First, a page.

Turkey releases gunman who shot pope in 1981

After nearly 30 years behind bars, the Turkish man who tried to assassinate Pope John Paul II walked out of a prison a free man Monday and promptly predicted the end of the world.

Now a gray-haired 52-year-old, Mehmet Ali Agca declared himself the “Christ eternal” and prophesied that humanity would be wiped out this century, in a statement passed out to a scrum of television cameras and waiting reporters in Ankara, the Turkish capital.

Later, the hollow-cheeked Agca, who has spent more of his life in prison than out, was declared mentally disturbed by doctors who exempted him from mandatory military service, the Associated Press reported.

Agca shot John Paul several times on May 13, 1981, as the pontiff waved at followers while riding in his open-backed jeep through St. Peter’s Square in Rome. Bystanders screamed in horror as the pope was whisked away with serious wounds to his hand, arm and abdomen.


Agca was caught at the scene, convicted and sent to an Italian prison, where he remained for 19 years. But his motives have remained opaque, clouded by his own contradictory statements, and it is still unclear whether he acted on his own or as part of a plot by others.

Allegations persist that Agca’s assassination attempt was commissioned by Soviet intelligence, acting through Bulgarian agents, to remove John Paul because of his support for the Solidarity movement in the pontiff’s native Poland.

An Italian parliamentary panel concluded in 2006 that the Soviet Union, which collapsed in 1991, was responsible. Moscow denies the charge.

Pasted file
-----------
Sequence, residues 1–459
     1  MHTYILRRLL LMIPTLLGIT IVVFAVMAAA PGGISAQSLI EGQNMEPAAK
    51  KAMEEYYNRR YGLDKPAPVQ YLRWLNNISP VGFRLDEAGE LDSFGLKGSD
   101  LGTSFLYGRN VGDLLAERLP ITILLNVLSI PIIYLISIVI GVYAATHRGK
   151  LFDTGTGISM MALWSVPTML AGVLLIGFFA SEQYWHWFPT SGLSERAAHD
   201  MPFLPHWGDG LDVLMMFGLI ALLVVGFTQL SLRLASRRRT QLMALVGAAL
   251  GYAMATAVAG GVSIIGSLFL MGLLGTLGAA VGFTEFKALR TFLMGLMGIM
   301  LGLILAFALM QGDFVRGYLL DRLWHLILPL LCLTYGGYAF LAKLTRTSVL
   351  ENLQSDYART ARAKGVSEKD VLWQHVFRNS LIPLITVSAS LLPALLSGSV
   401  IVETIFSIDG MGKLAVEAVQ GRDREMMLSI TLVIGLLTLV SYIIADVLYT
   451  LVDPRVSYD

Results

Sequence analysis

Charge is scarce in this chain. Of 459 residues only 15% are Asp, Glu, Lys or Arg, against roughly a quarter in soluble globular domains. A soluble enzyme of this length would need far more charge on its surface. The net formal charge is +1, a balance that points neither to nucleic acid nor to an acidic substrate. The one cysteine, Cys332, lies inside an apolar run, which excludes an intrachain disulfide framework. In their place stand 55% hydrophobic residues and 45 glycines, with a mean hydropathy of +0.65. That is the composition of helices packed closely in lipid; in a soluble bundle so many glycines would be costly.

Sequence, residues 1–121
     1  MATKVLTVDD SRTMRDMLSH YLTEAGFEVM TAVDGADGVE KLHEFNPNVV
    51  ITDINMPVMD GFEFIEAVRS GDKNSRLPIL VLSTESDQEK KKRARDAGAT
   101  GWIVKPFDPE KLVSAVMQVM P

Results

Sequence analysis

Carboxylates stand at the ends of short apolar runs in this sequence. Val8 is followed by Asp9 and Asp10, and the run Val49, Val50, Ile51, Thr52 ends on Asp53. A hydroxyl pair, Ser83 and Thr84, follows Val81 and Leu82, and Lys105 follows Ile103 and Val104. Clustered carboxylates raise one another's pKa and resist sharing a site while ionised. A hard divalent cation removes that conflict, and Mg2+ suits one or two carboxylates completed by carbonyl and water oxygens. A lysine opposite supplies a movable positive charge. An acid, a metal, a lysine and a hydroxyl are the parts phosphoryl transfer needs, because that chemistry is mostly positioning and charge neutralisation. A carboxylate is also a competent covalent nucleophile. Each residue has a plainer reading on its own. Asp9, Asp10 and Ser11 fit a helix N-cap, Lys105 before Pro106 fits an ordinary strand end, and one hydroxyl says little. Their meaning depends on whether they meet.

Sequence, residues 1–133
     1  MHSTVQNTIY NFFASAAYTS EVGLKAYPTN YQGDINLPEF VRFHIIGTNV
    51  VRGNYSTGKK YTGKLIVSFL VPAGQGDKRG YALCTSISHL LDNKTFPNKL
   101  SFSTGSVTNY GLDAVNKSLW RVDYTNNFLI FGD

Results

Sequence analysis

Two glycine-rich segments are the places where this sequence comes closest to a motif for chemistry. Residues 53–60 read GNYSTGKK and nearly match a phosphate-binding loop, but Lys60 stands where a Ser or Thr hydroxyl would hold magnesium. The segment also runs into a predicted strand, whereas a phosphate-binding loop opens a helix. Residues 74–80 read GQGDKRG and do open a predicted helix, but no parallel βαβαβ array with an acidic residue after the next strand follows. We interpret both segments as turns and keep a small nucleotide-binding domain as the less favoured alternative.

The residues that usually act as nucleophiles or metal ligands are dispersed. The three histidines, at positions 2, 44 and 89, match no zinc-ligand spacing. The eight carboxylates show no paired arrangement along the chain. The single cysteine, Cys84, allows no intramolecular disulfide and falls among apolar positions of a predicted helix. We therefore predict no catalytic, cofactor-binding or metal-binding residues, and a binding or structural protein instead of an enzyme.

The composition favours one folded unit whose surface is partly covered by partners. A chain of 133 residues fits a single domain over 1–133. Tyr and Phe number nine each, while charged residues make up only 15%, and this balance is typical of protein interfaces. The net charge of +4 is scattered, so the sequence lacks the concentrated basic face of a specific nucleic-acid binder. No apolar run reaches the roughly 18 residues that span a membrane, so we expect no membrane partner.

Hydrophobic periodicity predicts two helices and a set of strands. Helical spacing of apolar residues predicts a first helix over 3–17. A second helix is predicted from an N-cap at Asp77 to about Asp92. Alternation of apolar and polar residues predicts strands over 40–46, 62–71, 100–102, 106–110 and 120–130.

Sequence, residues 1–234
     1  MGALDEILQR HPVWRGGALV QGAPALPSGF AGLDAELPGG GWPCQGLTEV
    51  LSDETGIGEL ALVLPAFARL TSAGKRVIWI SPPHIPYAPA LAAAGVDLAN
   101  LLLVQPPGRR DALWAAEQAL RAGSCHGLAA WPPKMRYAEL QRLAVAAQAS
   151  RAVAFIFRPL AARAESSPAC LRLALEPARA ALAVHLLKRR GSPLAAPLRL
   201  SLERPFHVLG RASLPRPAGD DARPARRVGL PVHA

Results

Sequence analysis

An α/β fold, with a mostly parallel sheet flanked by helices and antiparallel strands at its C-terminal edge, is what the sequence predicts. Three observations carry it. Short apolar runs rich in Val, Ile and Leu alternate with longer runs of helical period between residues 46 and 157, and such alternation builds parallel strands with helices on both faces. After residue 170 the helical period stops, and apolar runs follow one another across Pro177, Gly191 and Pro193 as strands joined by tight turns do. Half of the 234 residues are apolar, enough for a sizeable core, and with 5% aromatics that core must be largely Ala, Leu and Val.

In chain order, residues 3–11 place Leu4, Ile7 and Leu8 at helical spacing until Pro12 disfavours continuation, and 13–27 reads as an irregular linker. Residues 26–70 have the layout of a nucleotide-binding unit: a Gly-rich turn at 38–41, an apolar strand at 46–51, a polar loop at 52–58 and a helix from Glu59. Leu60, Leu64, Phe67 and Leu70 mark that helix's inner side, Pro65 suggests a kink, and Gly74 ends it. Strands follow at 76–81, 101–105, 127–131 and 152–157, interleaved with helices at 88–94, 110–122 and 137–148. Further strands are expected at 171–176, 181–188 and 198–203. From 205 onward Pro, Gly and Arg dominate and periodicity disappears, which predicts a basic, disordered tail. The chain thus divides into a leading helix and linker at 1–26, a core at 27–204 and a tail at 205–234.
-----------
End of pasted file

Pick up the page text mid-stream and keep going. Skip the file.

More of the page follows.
Agca has said he would speak about the attack after leaving prison and that he would entertain book and movie offers. Upon his release Monday, he also vowed to write a new and perfect Gospel, telling reporters that the ones in the Bible were flawed. He also said that “all the world will be destroyed [and] every human being will die” by century’s end.

John Paul visited his would-be killer in 1983 and bestowed his forgiveness.

In 2000, the Italian president issued an official pardon. That cleared the way for his extradition to Turkey to serve out a sentence for the murder of a left-wing journalist, Abdi Ipekci, in 1979. Agca, an alleged sympathizer of a far-right movement called the Gray Wolves, had escaped from prison less than six months into his sentence for Ipekci’s killing.

Agca has expressed a desire to travel to Rome to pay tribute to John Paul, who died in 2005.

“If Ali Agca wants to come and pray at John Paul II’s tomb, I fully agree,” Cardinal Peter Kodwo Appiah Turkson, of the Pontifical Council for Justice and Peace, told Italian television Monday, according to Italy’s ANSA news agency.


“Let’s not forget that . . . the first to forgive him was John Paul II,” Turkson said. But, he added, Agca “would have to be accompanied to the Vatican by a large number of security officers -- that has to be clear.”